The Security Council today urged political parties in Guinea-Bissau to engage in dialogue ahead of the upcoming run-off elections next month to ensure a peaceful conclusion to the electoral process that started in January, and to be able to maintain unity and stability in the country. “The members of the Security Council called upon all political leaders and their supporters to exercise restraint and to refrain from any action that could hamper the electoral process,” said Ambassador Mark Lyall Grant of the United Kingdom, which holds the Council’s presidency this month, in a press statement. The West African nation is undergoing a political transition as a result of the death of President Malam Bacai Sanhá in January, which prompted early elections – the first round of which were held on 18 March. A run-off is now scheduled for 22 April between former Prime Minister Carlos Gomes Junior and ex-president Kumba Yala.
Mali’s coup leaders announced a new constitution including a pledge to allow elections in which they would be barred from standing, even as several thousand supporters rallied in the streets of the capital Bamako on Wednesday. The charter, which did not specify when the elections would be held, came hours after West Africa’s ECOWAS bloc threatened sanctions and the use of military force to reverse last week’s coup that ousted President Amadou Toumani Toure. “Anyone who was a member of the CNRDRE or the government cannot be a candidate in the elections,” the new constitution, read out on state television, said of the junta, known as the National Committee for the Return of Democracy and the Restoration of the State.
The United Nations Integrated Peace-Building Office in Guinea-Bissau (UNIOGBIS) said it’s pleased with the peaceful conduct of Sunday’s presidential election in the West African nation. Citizens voted to elect a new president, who will succeed Malam Bacai Sanha who died in January.
UNIOGBIS spokesman Vladimir Monteiro said the electoral commission is constitutionally mandated to announce the final outcome of the vote within 10 days of the election. “The election was held in a very peaceful manner,” said Monteiro. “In the morning, participation was relatively weak but, all day long, leaders of the electoral body encouraged the people to go and vote, and it seems that people listened and went to vote because the participation finally increased.” Several international organizations, including the Economic Community of West African States (ECOWAS) and the UN Secretary General, Ban Ki Moon, called Bissau Guineans to peacefully vote in Sunday’s presidential election.
The leader of Gambia’s main opposition United Democratic Party said his and five other parties plan to boycott the country’s March 29th legislative election unless the Independent Election Commission [IEC] can assure them of a level playing field. Ousainou Darboe’s comments came as other opposition leaders in The Gambia have asked the Economic Community of West African States [ECOWAS] to arbitrate the dispute ahead of the election. Darboe said the ruling Alliance for Patriotic Re-orientation and Construction Party of President Yahya Jammeh is also abusing the power of incumbency in order to tilt the election results in its favor. “I have joined with other opposition parties in the country not to participate in the upcoming National Assembly election. This due is to the fact that the IEC has rejected our demand for a postponement of the election so as to enable a level playing field being created, which would allow for a free, fair and transparent election,” he said.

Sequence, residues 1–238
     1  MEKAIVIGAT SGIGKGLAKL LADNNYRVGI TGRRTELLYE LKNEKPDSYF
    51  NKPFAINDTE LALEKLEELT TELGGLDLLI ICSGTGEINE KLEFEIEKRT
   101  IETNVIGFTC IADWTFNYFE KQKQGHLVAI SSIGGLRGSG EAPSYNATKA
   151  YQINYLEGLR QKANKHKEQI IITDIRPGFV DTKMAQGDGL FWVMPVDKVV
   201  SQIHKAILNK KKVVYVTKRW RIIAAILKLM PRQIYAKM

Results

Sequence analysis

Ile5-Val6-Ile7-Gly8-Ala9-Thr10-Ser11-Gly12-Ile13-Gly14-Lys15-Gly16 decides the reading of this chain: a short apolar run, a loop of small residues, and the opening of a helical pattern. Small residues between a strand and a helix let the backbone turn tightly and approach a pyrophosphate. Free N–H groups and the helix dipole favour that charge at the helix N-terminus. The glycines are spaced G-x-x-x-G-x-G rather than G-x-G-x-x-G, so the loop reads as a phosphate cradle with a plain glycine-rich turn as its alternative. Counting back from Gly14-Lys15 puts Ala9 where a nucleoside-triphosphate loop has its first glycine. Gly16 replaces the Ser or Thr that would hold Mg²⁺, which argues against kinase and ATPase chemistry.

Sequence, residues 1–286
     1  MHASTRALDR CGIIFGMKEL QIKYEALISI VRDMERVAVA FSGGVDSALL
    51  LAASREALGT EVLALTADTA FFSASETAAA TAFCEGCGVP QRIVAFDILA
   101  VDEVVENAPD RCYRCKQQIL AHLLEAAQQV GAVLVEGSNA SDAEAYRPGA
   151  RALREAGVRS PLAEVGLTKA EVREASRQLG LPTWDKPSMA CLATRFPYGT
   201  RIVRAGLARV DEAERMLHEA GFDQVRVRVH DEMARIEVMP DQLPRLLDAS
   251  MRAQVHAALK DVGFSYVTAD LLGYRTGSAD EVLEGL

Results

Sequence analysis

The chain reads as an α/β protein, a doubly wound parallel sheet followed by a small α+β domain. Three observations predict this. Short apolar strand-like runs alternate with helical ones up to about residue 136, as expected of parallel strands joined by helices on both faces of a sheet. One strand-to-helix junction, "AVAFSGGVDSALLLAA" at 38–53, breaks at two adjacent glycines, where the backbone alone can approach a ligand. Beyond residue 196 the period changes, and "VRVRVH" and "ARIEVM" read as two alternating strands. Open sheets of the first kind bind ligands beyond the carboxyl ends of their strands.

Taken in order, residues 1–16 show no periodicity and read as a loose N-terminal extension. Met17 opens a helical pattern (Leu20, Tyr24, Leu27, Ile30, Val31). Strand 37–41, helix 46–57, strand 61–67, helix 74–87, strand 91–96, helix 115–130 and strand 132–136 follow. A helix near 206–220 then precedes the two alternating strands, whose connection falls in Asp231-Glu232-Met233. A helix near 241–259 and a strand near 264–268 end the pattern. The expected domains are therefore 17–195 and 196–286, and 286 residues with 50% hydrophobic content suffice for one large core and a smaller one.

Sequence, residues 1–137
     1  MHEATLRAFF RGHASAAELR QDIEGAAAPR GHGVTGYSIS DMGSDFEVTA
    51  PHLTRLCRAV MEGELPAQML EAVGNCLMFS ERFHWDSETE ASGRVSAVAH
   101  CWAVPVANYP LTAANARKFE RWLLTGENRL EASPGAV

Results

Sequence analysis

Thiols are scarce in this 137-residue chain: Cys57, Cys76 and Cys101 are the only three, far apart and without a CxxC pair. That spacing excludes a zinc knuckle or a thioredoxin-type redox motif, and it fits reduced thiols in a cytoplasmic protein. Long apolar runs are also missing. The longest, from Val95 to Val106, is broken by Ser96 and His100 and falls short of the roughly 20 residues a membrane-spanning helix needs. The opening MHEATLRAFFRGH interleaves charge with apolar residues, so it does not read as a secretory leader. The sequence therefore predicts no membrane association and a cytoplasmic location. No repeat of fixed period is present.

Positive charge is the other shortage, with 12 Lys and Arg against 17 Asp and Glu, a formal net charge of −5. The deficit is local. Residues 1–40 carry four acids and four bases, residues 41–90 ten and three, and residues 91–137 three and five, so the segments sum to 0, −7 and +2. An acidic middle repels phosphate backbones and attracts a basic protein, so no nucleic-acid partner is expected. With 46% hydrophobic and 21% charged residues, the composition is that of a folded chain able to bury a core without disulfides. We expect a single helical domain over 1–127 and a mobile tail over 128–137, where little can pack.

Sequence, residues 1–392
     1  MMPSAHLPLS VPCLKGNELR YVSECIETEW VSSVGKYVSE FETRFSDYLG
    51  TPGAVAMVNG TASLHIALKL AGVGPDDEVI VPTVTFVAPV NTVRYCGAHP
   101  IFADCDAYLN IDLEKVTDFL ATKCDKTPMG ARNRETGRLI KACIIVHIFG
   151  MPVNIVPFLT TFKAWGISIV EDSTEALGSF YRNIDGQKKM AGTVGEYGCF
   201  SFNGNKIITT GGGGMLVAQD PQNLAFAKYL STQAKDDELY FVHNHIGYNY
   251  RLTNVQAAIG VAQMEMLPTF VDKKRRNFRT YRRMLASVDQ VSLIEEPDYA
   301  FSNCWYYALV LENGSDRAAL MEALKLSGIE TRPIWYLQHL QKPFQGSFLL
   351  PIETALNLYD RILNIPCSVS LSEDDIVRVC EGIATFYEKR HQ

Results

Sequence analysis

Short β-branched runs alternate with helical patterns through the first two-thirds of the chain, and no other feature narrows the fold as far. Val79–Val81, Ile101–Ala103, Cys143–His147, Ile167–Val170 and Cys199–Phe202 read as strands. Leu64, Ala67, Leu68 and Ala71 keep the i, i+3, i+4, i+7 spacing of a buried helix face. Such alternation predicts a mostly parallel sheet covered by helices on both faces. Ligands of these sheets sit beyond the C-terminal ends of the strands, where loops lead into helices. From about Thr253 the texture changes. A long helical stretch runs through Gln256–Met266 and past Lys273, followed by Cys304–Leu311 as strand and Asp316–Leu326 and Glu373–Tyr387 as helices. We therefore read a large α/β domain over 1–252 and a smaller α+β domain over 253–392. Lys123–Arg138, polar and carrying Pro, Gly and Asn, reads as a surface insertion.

The chairman of Gambia’s Independent Electoral Commission is sharply denying reports conditions on the ground are not conducive to ensure today’s (Thursday) presidential election is transparent, free and fair. Mustapha Carayol says “it is impossible to rig elections in Gambia” despite opposition and international observer group claims that the vote will not be credible.
Polling stations in the 48 constituencies are scheduled to open at 7:00 am and close at 4:00pm local time. Carol predicts Gambians will learn the outcome of the presidential vote by 6:00 am, Friday.
The president of the Commission of the Economic Community of West African States (ECOWAS) says his organization will send a larger delegation to monitor Liberia’s November 8 presidential run-off. The sub-regional bloc deployed over 150 poll observers across Liberia to monitor the first round of the October 11 presidential and legislative elections.
“We have a mandate from a protocol on democracy and good governance…that expects us to observe all presidential elections,” said Ambassador James Victor Gbeho. “[For] the second round, which is even more important, we might field an even bigger number to make sure that our observation is flawless. And also to make sure that we are in a position to certify whether that election or the run-off will be free fair and credible.” He warned that ECOWAS has no tolerance for some candidates, who he said create problems after losing a vote. ECOWAS judged the first round to be free fair and transparent.
The leader of the Economic Community of West African States (ECOWAS) poll observer team says Liberia’s electoral body seems to have adequately prepared for today’s (Tuesday’s) vote. Attahiru Jega, who is also chairman of Nigeria’s Independent National Electoral Commission (INEC), says the regional bloc has deployed about 150 observers to monitor Liberia’s presidential and legislative elections.
“Our mandate is to witness the elections and to be able to report on the extent of it being free, fair and credible,” said Jega. “We have a range of experienced personalities from all over the West African sub-region as observers in this team…It’s a very well composed team of experts, of people who have been concerned with issues of democratization and elections.” He adds that his team will also ensure that the polls will be well organized “in accordance with established international standards.”